Last week, I wrote a really long post about two clients and their corporate stories. They were both separately caught in the crossfire. They worked at two different companies that they ultimately left. And each experienced very unusual and peculiar circumstances. I tried my best to maintain their confidentiality. I changed roles and names; but the stories, I must admit, were a bit crazy. There was no way to shield the bazaar behaviors they encountered.

So, it took me two weeks to decide to stop and not push this. I spent way too long trying to tell this story. I wanted to expose truth and I wanted to help anyone who may be dealing with even a smidgen of the bullying tactics. There was direct bold-faced lying, affairs, and lots of jealousy and anger. (It sounds like something in our normal news cycle these days, doesn’t it?!)

Maybe it’ll show up in my book one day, not in my blog, and not here today.

Why am I telling you this? First, because one of the stories seemed so out of the ordinary, and then there were two. This told me something strange was happening in the workplace, people were treating each very poorly. Secondly, I learned a few insights from working with these two executive clients that might help you at work today.

So, instead of outlining all the crazy-making, I decided to outline a few tidbits you can take with you:

(1)  Any trouble you might be dealing with today can go away if you don’t take it personally. Anybody can act any way they want. It doesn’t mean you have to be a part of it. People will try to hook you, but if you don’t take the bait you’ll remain immune. (…but it still might hurt.)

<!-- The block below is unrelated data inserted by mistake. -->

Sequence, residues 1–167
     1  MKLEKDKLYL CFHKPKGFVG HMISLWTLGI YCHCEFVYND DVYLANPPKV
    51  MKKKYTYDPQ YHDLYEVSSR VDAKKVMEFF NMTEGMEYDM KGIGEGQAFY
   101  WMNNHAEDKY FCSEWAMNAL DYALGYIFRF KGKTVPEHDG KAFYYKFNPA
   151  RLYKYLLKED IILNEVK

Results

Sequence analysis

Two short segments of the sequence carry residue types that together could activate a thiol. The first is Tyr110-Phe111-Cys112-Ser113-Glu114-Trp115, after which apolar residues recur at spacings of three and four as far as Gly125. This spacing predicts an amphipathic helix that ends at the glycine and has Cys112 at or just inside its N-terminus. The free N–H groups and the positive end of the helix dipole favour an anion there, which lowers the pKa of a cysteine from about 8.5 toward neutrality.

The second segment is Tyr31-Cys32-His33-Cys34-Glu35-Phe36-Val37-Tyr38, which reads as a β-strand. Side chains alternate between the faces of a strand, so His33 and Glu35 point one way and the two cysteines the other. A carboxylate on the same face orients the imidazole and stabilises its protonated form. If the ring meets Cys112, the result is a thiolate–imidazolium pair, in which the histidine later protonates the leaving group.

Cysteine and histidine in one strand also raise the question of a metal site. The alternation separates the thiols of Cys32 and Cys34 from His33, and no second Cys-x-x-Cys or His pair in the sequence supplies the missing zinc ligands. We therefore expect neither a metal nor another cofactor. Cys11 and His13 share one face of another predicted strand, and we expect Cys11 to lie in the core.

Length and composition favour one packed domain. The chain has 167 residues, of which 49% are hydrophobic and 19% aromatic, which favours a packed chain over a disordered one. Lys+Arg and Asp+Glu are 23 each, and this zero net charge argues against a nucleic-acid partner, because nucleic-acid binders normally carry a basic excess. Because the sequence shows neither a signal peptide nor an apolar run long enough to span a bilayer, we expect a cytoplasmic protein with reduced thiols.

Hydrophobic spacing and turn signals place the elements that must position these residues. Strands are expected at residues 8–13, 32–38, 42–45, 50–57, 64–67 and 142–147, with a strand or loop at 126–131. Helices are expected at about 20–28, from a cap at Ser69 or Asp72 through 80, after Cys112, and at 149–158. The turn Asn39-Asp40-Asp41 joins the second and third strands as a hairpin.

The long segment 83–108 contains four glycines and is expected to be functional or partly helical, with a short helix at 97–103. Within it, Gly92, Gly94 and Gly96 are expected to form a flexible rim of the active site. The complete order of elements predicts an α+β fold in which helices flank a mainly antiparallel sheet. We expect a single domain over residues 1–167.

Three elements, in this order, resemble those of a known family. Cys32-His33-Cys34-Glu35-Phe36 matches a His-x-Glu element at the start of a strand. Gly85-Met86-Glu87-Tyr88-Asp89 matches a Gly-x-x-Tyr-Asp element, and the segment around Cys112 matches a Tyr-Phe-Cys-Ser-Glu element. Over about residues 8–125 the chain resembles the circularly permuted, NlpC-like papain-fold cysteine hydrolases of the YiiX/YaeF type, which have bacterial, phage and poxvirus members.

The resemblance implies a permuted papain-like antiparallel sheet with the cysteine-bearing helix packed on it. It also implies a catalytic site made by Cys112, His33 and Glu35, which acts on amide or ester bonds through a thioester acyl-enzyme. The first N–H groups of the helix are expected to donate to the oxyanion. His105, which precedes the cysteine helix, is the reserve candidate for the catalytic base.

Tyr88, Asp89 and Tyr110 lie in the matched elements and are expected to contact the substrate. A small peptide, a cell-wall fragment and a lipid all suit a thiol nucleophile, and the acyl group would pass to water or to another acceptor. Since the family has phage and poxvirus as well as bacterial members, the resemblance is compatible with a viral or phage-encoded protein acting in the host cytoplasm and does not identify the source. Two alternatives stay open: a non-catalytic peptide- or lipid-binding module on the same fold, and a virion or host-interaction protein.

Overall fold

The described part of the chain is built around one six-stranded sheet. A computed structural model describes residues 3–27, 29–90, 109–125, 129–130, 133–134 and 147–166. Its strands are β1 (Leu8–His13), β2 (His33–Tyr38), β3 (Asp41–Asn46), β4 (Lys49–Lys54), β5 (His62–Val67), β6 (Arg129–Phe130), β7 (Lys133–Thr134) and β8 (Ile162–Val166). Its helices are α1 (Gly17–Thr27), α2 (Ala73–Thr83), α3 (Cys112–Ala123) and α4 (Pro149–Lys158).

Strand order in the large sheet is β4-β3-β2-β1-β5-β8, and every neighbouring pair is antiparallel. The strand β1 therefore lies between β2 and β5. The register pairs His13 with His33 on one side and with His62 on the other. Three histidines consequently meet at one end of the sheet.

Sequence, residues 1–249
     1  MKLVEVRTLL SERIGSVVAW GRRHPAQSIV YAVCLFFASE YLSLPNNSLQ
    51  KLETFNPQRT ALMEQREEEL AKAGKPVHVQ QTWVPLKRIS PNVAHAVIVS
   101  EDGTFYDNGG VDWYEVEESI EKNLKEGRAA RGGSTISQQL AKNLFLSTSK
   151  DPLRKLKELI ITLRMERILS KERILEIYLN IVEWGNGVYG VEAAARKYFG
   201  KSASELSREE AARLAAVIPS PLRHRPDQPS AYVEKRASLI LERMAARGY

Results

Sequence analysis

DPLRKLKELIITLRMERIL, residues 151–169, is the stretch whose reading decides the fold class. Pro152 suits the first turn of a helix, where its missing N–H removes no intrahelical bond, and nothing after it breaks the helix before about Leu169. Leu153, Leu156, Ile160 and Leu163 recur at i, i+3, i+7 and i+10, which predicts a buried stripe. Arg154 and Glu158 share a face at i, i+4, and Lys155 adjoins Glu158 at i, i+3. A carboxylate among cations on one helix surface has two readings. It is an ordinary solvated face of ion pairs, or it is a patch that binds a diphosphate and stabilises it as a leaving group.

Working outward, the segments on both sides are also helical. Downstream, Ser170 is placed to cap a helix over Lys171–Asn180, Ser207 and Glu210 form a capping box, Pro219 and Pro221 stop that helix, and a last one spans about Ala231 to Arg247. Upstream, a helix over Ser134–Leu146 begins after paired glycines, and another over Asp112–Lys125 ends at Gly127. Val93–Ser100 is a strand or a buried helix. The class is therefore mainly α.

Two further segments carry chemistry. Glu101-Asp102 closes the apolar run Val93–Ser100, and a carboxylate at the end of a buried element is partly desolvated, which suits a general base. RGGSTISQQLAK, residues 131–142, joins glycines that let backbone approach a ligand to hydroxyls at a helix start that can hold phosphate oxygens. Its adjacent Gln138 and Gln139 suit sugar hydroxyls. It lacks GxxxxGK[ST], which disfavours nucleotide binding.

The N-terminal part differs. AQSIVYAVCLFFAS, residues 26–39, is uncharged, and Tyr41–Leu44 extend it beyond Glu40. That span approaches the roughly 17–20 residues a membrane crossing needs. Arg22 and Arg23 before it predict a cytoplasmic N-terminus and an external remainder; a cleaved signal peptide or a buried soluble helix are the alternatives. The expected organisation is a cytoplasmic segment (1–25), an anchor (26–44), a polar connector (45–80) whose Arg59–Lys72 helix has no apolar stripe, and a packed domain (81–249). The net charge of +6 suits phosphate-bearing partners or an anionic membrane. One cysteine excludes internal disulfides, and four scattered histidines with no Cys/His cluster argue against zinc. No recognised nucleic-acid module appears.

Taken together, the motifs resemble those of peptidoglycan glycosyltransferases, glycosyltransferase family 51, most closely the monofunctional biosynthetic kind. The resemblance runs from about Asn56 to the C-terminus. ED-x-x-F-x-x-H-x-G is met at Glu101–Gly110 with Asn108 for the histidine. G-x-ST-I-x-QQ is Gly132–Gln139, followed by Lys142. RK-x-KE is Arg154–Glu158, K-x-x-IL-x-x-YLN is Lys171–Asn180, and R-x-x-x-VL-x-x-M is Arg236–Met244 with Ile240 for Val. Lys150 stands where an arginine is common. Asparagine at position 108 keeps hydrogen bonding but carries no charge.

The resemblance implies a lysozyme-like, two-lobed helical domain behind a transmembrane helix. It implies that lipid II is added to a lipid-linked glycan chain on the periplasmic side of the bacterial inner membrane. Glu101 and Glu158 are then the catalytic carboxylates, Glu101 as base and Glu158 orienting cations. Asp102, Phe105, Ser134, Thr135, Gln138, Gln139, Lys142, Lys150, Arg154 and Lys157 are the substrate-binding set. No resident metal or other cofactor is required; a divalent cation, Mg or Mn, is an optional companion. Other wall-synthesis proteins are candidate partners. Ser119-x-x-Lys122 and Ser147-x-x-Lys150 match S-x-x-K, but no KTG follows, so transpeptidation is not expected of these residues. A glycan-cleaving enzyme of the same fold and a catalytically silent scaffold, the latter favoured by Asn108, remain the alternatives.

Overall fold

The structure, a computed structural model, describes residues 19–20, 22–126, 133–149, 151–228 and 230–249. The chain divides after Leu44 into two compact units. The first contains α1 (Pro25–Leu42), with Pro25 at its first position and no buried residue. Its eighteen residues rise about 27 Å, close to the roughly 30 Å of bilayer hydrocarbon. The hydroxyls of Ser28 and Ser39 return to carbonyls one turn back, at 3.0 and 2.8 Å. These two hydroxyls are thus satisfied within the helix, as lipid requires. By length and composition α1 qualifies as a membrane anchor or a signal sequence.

(2)  Crazy shit doesn’t happen only at your company, it happens everywhere. If you think jumping ship is your answer, it’s better to know what kind of ship you want to jump into first. Remember, the grass isn’t always greener.

(3)  If the way to understand your company’s strategy is to be in the know, then everyone will gossip and maneuver to get in the know. Trust will decline. Leadership communication like this is about conflict avoidance and uncertainty. Real leadership requires fearless, authentic communication.

(4)  If someone constantly talks to you about other people, I guarantee they’re talking to other people about you. Positive or negative, they’re still talking.

(5)  When you are confronted with behaviors that make you feel like the rug just got pulled out from under you, or like you did something wrong when you didn’t. This isn’t RightLife-making, this is crazy-making. Get as far away from this person as possible.

(6)  When top leaders are fired, look closely at what your company has chosen to keep.

(7)  Saying you don’t know, is better than pretending you do.

(8)  Sometimes your learning curve will be steep, and that’s OK – if you love the learning.

Organizations are rarely simple because they include lots of imperfect human beings. When you learn these tidbits and stay aware of their occurrences around you, you’ll realize that most people are pretty transparent in their behaviors. Decide what game you want to play. You’ll realize when you fuse your behaviors with the way YOU want to show up, you will lead your own life.

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